CD 15 expression is very helpful in the diagnosis of Hodgkin's disease as almost all the CD 15 antibodies available react with Reed-Sternberg cells and the mononuclear variants. Characteristically, the staining is membranous with globular, juxtanuclear staining of the Golgi complex. The cytoplasmic membrane staining has been confirmed by ultrastructural studies and lysosomal granules contiguous with perinuclear vesicles representing the Golgi apparatus are also stained. Reed-Sternberg cells and atypical mononuclear variants in Hodgkin's disease of mixed cellularity type, nodular sclerosing and lymphocyte-depleted type show staining with CD15 antibodies. However, lymphocyte-predominant Hodgkin's disease is CD 15- particularly in the nodular and in some cases of the diffuse subtype (Stein et al, 1986). Digestion with neuraminidase has been reported to result in staining of the L&H cells in lymphocyte-predominant Hodgkin's disease although the staining has been described to be less intense and predominantly cytoplasmic in distribution. Similarly, enzyme pretreatment has been reported to produce positivity in T-cell lymphomas mostly of the mature phenotype, particularly in advanced stage mycosis fungoides. A smaller percentage of low-grade B-cell lymphomas have also been reported to be CD 15+.
CD 15 is a useful marker for granulocytic sarcoma, staining the majority of cases (Swerdlow & Wright, 1986). Strong CD 15 positivity has been found in carcinomas from a wide variety of sites. It is employed in a panel for the discrimination of adenocarcinoma from malignant mesothelioma, the latter being generally CD 15-. Cytomegalovirus infected cells have also been found to react with CD 15 antibodies, predominantly with cytoplasmic staining.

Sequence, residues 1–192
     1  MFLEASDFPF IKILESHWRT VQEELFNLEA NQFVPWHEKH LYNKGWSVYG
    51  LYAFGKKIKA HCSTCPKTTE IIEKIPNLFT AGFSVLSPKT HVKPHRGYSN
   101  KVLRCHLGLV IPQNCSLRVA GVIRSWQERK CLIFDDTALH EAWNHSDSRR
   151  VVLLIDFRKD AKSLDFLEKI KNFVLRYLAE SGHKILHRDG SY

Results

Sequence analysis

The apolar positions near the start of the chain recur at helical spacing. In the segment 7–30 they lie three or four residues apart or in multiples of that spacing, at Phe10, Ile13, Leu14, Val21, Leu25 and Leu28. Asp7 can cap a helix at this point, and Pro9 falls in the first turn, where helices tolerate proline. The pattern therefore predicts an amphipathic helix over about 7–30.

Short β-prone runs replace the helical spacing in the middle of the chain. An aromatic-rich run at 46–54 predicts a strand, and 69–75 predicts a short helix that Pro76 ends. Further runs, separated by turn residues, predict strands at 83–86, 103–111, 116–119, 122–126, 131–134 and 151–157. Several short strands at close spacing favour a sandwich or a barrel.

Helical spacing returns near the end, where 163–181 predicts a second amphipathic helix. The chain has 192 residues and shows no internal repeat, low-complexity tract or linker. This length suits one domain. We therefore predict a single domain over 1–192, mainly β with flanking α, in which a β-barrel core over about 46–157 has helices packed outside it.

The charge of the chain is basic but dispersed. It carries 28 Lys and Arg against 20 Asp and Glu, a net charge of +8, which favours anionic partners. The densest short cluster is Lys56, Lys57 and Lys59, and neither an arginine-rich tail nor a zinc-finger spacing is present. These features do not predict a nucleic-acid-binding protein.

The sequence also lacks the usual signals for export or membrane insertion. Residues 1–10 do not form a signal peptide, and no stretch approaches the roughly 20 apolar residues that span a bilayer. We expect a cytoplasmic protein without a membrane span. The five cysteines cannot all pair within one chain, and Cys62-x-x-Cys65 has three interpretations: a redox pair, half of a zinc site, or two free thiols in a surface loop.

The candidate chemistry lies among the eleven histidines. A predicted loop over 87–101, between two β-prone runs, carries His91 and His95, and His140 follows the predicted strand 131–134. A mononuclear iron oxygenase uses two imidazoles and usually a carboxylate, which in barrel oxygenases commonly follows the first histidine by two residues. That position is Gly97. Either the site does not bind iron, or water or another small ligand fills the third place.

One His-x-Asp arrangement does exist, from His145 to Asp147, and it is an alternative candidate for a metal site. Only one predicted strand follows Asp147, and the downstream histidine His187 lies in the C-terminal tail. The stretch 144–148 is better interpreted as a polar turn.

CD 15 antibodies are particularly useful for the identification of Reed-Sternberg cells, especially when they are employed in a panel which includes CD 45 (LCA), Reed-Sternberg cells showing the characteristic membranous and Golgi staining for CD 15 and negative staining for CD 45. It is also a useful discriminant when used in an appropriate panel for the separation of adenocarcinoma from malignant mesothelioma; adenocarcinomas and the antibodies label the myeloid cells of granulocytic sarcoma (Sewell et al, 1987). Staining is enhanced with microwave epitope retrieval using citrate buffer and enzyme digestion should not be performed when employed for the identification of Reed-Sternberg cells and adenocarcinomas.

•Aber DA, Weiss LM 1993. CD15:A review. Applied Immunohistochemistry 1: 17-30.

•Bernstein ID, Andrews RG, Cohen SF, McMaster BE 1982. Normal and malignant human myelocytic and monocytic cells identified by monoclonal antibodies. Journal of Immunology 128: 876-881.

•Sewell HF, Jaffray B, Thompson WD 1987. Reaction of monoclonal anti-Leu M1 - a myelomonocytic marker (CD15) - with normal and neoplastic epithelia. Journal of Pathology 151: 279-284.

•Stein H, Hansmann ML, Lennert K et al 1986. Reed-Sternberg and Hodgkin's cells in lymphocyte-predominant Hodgkin's disease of nodular subtype containing J chain. American Journal of Clinical Pathology 86: 292-297.

•Swerdlow SH, Wright SA 1986. A spectrum of Leu M1 staining in lymphoid and hemopoietic proliferations. American Journal of Clinical Pathology 85: 283-288.

Manual of diagnostic antibodies for immunohistology / Anthony S.-Y. Leong, Kumarasen Cooper, F. Joel W.-M. Leong.